However, the highlight for us was watching a group of young monks, dressed in their instantly recognisable saffron robes (or at least, the bottom halves of them!), splashing around in the murky waters that surround the temple, searching for creatures beneath its surface. Much commotion, and laughter ensued when one of them appeared holding the tail of a snake. As it wriggled, he promptly released it into a makeshift wheelbarrow filled with water, whilst the others crowded around, peering over with a slightly wary, but curious fascination.
Whilst sampling the delicious street foods at Lampang’s night market had been fun, we were also keen to check out the culinary offerings at one of the city’s restaurants. Aroy One Baht was the one place recommended above all others, for an authentic dining experience, and budget-priced first rate local dishes. Would this mean it was also full of other tourists visiting for exactly the same reason as we’d planned to? Well, no. Yes, we did squeeze our way into this two-storey rambling wooden house with what felt like the entire city of Lampang, but there wasn’t a single other Western face in sight. There were English translations on the menu, but none of the waiting staff spoke English, and fortunately they didn’t need to. There’s a wonderful system in operation here whereby you write down the numbers of the dishes you wish to order, place the piece of paper into a little box with your table number on it, and give it to the lady or gentleman who then arrives at your table to take your order.
The service was lightning fast, the food was tasty (and there’s a vast array of dishes to choose from, many of which you won’t normally see on a standard Thai menu), and the prices were embarrassingly cheap. We ended up with our own little Thai tapas selection, all washed down with a refreshing bottle of beer Leo. I’ve eaten at a lot of Thai restaurants over the months I’ve spent in this country, and Aroy One Baht is definitely up there in my Top Ten.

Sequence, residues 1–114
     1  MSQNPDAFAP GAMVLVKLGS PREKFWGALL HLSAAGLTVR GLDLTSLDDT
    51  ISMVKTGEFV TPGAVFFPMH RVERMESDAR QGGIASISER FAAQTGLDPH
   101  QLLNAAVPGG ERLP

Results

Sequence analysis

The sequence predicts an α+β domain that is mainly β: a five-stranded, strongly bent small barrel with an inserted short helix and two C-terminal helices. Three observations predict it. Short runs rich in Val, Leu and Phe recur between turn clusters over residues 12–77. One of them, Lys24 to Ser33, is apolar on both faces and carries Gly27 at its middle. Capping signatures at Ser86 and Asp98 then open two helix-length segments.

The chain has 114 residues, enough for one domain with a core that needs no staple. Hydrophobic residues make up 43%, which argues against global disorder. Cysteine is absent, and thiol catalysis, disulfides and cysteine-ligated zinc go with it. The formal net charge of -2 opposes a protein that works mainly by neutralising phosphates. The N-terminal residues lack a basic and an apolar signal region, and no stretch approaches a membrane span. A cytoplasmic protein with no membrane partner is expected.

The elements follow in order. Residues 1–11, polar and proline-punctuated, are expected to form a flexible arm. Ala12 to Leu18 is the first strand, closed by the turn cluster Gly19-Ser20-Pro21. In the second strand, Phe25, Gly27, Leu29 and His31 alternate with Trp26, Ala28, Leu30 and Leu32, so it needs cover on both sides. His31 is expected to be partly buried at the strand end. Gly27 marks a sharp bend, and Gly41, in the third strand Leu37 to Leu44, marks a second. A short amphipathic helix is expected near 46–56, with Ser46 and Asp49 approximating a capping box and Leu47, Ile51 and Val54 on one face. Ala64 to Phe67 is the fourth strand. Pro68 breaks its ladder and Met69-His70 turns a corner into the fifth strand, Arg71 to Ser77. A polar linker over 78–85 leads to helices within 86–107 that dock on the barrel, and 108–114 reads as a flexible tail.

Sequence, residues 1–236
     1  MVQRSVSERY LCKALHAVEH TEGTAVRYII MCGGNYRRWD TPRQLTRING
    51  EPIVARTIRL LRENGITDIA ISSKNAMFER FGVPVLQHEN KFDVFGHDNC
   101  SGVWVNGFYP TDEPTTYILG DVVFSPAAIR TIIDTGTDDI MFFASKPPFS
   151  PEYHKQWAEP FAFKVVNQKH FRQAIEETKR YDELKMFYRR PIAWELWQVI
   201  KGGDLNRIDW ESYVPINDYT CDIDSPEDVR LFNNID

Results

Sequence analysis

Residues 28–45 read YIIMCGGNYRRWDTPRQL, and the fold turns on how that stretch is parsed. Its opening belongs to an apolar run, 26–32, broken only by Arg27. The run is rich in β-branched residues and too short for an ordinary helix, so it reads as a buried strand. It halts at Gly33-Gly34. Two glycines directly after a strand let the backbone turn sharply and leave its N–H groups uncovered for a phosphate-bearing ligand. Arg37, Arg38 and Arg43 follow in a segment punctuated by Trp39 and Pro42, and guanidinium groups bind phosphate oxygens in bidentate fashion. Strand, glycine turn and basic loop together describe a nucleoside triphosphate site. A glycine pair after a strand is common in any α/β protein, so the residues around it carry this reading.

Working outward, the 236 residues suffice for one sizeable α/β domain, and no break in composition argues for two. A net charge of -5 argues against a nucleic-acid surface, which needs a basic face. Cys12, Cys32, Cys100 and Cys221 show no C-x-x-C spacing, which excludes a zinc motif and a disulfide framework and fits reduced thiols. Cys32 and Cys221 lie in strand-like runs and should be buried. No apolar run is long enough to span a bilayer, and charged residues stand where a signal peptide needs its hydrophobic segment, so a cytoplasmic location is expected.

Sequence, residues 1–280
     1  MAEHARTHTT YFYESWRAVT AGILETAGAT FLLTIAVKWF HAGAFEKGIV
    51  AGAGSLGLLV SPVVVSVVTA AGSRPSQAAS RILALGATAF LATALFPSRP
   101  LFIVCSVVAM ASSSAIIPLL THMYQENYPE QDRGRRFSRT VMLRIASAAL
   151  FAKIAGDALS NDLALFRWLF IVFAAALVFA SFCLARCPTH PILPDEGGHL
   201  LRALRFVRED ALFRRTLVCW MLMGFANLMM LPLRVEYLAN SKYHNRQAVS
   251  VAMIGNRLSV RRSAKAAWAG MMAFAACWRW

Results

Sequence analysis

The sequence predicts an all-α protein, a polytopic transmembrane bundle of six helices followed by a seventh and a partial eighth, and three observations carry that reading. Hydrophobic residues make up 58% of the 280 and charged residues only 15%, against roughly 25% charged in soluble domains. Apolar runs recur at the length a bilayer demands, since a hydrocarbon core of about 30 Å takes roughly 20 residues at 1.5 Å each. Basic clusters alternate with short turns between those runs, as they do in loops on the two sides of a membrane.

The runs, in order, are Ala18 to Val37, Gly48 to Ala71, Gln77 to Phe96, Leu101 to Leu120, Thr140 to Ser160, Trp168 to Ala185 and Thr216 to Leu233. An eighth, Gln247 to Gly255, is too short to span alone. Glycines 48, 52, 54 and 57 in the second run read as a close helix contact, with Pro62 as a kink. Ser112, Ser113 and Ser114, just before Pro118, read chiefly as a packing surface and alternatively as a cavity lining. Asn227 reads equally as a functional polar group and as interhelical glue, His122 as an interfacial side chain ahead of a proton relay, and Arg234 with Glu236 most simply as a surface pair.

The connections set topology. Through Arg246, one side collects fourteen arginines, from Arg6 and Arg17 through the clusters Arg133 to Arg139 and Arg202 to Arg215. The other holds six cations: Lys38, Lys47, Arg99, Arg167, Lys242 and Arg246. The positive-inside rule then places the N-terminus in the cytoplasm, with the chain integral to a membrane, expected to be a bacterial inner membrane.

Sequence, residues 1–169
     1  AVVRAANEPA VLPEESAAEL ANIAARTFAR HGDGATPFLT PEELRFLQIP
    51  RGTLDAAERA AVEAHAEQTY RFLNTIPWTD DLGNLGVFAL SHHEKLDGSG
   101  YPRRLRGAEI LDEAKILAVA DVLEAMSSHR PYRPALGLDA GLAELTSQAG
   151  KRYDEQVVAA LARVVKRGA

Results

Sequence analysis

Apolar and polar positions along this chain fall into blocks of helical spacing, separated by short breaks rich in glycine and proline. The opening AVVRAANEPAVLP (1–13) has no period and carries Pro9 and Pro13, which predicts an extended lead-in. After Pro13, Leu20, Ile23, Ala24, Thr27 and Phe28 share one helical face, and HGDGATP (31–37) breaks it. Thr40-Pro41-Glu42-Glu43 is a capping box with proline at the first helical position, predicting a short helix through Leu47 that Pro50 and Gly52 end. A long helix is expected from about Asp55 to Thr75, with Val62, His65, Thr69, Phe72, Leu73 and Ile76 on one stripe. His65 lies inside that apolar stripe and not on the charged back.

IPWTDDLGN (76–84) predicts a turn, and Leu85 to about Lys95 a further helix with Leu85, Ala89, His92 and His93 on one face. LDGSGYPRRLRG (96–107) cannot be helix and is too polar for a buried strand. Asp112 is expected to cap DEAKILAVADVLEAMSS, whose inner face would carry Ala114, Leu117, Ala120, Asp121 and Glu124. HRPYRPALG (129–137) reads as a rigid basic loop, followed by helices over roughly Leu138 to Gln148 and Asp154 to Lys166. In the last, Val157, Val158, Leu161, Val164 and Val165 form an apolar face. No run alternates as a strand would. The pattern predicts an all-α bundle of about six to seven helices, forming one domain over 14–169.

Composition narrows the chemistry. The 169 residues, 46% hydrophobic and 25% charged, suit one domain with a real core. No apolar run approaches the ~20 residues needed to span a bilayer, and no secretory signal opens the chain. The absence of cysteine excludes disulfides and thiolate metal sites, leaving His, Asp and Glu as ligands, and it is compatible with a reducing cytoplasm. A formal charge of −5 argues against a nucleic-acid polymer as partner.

Somehow our stay in Lampang wouldn’t have been complete if we had not been lucky enough to secure one of the small number of rooms at the Riverside Guest House. Situated at the end of Thalart Gao Road (Old Market street), this guest house is THE place to stay in Lampang. It’s located right on the banks of the river Wang (believe it or not, having ‘Riverside’ in a guest house’s name in Thailand, does not always guarantee a setting right next to the river) in a big old wooden house amidst a lush tropical garden.
The rooms are spacious, airy, and tastefully decorated with Asian antique furniture and traditional textiles. All have a balcony or terrace and the majority (with the exception of the cheapest rooms available – one of which we took) have en-suite bathrooms. There are hammocks to lounge around in, or you can sit at one of the wooden tables downstairs overlooking the river, enjoy a spot of breakfast (Western or Thai available), make friends with the resident Beagles, watch the colourful dragonflies as they flit across the water, or spot lizards in the dense undergrowth of tropical plants.
At night we’d order a beer, and watch the geckos wandering around on the ceilings, or inside the lanterns hung up on the walls. The owner of the guesthouse, noticing our fascination with these creatures, beckoned us over one evening, her finger pressed gently to her lips. The beautiful spotted 30-40cm long resident gecko had come out of hiding briefly, and was stuck to the brightly-painted red wall, waiting patiently whilst I quietly removed my camera from its bag.
I suspect there will come a time when more and more tourists will start to discover this charming northern Thai city, with its ancient temples, beautiful wooden buildings, and time-forgotten traditions. But until then, it remains a wonderful slice of Thai life away from the typical tourist trail, and I thoroughly recommend that you pay a visit, to appreciate it in all of its undiscovered glory, whilst you still can.